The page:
The model is based on a single practice covering 6,000 patients and serviced by 3 dentists. For simplicity we have ignored other care givers such as hygienists or therapists. The model looks at productivity over a 12-month period with a total of 260 working days. It is assumed the dentists have 7 weeks annual leave which reduces the available number of working days per dentist to 225.
Productivity is measured by the total number of units of dental activity (UDAs) worked in the year. It is further assumed that a dentist on average delivers 2.5 UDAs during a patient appointment.
The model works by calculating the number of patient appointments booked in the year using a patient’s annual booking frequency. The actual number of appointments attended is then calculated by taking into account the failure to attend rate. Finally, the number of UDA’s generated during an appointment is calculated using the patient’s treatment efficiency rate.
In our model patients fall into one of four categories of anxiety: no anxiety, low anxiety, medium anxiety and high anxiety. The model considers three different scenarios of patient anxiety mix. The first scenario in which no patient has any dental anxiety is termed “Anxiety free”. This unrealistic scenario acts as a control to show what is the maximum possible productivity for our model practice. We have called the second scenario, the “UK average” as it assumes levels of dental anxiety that were revealed in our latest national survey of dental anxiety. In the third scenario we investigate the productivity of a practice where it has taken a proactive approach to managing their patient’s dental anxiety and reduced levels of anxiety compared to the UK average baseline.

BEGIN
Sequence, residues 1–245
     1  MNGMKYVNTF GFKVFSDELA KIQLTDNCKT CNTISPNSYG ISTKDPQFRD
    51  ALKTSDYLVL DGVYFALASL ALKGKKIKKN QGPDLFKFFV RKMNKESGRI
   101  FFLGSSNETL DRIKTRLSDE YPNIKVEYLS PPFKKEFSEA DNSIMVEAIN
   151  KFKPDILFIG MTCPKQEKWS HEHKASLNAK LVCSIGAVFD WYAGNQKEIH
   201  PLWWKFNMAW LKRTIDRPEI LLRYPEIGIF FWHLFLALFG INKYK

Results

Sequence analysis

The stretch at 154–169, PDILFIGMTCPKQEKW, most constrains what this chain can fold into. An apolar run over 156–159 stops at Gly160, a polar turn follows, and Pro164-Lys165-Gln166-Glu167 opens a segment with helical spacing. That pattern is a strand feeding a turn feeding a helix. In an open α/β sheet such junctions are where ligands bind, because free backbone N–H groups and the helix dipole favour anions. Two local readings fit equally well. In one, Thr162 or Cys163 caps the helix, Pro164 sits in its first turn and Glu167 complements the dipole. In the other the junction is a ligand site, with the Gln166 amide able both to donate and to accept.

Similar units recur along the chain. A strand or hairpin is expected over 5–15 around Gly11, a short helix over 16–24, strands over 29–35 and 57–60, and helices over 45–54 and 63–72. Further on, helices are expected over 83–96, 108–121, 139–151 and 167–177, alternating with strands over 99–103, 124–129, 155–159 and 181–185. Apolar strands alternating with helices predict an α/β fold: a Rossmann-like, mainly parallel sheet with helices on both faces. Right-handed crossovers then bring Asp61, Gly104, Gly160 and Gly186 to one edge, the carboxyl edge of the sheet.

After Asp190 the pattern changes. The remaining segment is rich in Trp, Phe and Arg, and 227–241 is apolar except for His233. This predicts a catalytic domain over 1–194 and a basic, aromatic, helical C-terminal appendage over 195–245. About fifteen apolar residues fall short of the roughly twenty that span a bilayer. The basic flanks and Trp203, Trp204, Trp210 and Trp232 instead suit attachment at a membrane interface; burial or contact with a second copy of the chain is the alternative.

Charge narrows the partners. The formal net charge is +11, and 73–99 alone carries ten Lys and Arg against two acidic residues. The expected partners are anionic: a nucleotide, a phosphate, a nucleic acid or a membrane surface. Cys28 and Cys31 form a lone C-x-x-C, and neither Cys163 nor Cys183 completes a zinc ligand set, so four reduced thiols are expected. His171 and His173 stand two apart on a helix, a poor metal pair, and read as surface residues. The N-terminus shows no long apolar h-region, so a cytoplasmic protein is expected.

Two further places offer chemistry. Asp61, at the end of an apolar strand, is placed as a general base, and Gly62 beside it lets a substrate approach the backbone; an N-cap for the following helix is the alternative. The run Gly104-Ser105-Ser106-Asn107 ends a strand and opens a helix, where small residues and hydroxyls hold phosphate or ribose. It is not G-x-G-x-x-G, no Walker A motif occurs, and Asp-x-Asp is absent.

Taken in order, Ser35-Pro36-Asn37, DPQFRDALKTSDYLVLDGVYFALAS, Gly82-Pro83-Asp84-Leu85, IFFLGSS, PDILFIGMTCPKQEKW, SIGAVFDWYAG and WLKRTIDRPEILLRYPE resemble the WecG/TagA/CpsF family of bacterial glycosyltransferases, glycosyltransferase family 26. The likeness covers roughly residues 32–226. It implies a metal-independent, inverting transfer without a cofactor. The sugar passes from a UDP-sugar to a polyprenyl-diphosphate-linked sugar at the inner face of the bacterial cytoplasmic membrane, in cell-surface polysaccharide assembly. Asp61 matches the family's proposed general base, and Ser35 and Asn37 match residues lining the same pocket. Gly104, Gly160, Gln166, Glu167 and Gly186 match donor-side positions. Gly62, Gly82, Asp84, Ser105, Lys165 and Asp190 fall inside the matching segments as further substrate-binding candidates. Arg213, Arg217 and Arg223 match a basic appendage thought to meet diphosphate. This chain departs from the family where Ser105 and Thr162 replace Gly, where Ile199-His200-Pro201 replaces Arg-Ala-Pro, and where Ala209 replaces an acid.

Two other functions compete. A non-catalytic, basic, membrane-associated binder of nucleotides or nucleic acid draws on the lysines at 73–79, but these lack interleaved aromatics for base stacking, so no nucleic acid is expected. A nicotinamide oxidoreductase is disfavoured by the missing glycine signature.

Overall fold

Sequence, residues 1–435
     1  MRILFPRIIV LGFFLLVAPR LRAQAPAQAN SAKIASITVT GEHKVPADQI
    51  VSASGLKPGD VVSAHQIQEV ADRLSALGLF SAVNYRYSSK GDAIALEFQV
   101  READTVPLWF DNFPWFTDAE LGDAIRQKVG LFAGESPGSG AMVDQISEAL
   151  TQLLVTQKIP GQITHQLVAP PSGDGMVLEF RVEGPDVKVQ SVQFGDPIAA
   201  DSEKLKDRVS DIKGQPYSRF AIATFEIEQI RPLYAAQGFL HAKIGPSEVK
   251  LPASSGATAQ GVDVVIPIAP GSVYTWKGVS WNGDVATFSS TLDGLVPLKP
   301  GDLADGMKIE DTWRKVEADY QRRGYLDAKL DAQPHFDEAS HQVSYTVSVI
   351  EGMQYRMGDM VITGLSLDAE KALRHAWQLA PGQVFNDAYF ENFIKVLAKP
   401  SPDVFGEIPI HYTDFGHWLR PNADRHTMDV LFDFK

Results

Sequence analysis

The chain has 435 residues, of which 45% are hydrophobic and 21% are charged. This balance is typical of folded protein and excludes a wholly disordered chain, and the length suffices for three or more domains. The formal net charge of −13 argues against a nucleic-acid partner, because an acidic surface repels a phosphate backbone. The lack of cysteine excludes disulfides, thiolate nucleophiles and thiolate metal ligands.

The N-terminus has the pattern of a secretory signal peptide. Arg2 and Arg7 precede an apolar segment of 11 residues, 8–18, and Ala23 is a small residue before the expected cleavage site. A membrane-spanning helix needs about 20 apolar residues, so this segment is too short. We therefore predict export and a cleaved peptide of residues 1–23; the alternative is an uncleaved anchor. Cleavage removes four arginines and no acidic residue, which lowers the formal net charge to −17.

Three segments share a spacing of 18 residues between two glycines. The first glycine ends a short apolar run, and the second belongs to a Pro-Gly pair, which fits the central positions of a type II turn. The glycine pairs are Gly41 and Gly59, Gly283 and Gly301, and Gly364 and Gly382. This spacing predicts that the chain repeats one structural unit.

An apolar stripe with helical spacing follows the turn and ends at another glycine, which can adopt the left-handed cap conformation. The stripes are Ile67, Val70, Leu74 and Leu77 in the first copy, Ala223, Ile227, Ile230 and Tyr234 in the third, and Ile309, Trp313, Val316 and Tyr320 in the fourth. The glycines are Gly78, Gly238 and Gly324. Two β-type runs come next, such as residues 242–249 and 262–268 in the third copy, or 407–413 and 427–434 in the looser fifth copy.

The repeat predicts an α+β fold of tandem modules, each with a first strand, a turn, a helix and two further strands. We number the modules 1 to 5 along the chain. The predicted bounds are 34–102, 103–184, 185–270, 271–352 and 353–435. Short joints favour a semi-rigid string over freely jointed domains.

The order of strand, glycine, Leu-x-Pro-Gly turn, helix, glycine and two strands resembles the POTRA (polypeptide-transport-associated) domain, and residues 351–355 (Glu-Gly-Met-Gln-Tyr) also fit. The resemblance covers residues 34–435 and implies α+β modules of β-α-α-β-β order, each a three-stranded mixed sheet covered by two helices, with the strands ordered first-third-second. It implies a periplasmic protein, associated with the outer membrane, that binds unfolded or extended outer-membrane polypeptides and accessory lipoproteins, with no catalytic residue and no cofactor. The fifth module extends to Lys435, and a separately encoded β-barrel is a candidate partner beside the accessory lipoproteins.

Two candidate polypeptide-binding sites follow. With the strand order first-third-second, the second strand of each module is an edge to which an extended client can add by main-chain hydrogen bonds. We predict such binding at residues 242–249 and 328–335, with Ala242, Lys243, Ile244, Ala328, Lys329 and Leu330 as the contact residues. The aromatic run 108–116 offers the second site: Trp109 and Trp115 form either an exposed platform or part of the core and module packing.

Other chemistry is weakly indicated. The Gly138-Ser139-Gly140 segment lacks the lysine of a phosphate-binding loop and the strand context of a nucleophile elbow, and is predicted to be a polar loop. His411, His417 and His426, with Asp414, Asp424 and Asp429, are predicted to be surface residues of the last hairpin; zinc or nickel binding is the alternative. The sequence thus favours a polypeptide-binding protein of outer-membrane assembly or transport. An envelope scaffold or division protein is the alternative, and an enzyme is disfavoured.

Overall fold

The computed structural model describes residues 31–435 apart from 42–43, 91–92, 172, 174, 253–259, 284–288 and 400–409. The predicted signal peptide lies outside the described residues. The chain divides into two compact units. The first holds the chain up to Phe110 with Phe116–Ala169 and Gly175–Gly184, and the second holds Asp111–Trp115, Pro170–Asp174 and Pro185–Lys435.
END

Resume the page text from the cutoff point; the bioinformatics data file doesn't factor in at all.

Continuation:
Scenario: Anxiety "Free"
In the anxiety free scenario all 6,000 patients book 1.5 appointments a year. As a result, in the anxiety free scenario, a dentist will see 12 patients every working day. However, with a failure to attend rate of 3%, this means the actual number of appointments attended is only 8,730 (compared to the 9,000 booked). The treatment efficiency is assumed to be 100% which means, at an average of 2.5 UDAs per appointment, 21,825 units of dental activity are delivered over the 12 months. Assuming a payment of £25 per UDA then the “Anxiety free” practice generates a yearly income of £545,625.
Scenario: "Average" Anxiety